As we have learned during this pandemic, you can have the most amazing and beautiful venues, but if there is no audience to interact with, one of the key parts of live music is missing. The emptiness is baffling.
What do you feel needs to be done to grow classical music’s audiences?
I think it is important to start as early as possible, encourage and enable children to make music, to sing or to learn an instrument. Make the most out of children’s natural curiosity and bring them in touch with classical music. We also have to get music out of the concert halls and opera houses and into the communities, into new venues and areas where live classical music is basically non-existent. Classical music shouldn’t be an elitist privilege for those who can afford the ticket price and right attire. Many organisations are already doing wonderful work in this area, but we still have a long way to go to make classical music education and concerts feel welcoming to everyone regardless of background and social standing.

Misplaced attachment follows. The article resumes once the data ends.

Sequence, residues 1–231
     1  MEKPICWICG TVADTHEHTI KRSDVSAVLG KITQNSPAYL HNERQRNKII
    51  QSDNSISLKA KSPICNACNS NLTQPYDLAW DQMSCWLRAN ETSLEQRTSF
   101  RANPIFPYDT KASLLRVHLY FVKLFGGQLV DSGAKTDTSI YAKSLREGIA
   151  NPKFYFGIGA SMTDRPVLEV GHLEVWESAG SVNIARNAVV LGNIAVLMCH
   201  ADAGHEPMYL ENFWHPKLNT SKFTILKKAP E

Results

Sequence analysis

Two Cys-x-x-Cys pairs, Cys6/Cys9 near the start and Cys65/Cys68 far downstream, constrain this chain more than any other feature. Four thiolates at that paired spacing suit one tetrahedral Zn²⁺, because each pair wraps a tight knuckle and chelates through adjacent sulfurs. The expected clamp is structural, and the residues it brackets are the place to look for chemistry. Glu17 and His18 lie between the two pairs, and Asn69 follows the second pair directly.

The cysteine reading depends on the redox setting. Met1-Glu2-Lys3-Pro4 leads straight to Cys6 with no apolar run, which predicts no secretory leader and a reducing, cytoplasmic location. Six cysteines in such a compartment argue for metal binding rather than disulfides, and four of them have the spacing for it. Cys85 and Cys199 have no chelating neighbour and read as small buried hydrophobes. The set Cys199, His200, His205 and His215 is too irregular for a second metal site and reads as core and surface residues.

What is your most memorable concert experience?
A few years ago, I jumped in at very short notice to sing my first Nerone in Handel’s Agrippina at Dartington Festival. I had two weeks’ notice to prepare and we had one week to rehearse and stage the entire opera. I was very nervous before we went on stage, but there was such an inspiring and infectious high energy on stage, everybody gave it 150%, it was an incredible experience and I probably gave one of my best performances. It confirmed to me what Leonard Bernstein once said: “To achieve great things, two things are needed: a plan and not quite enough time”.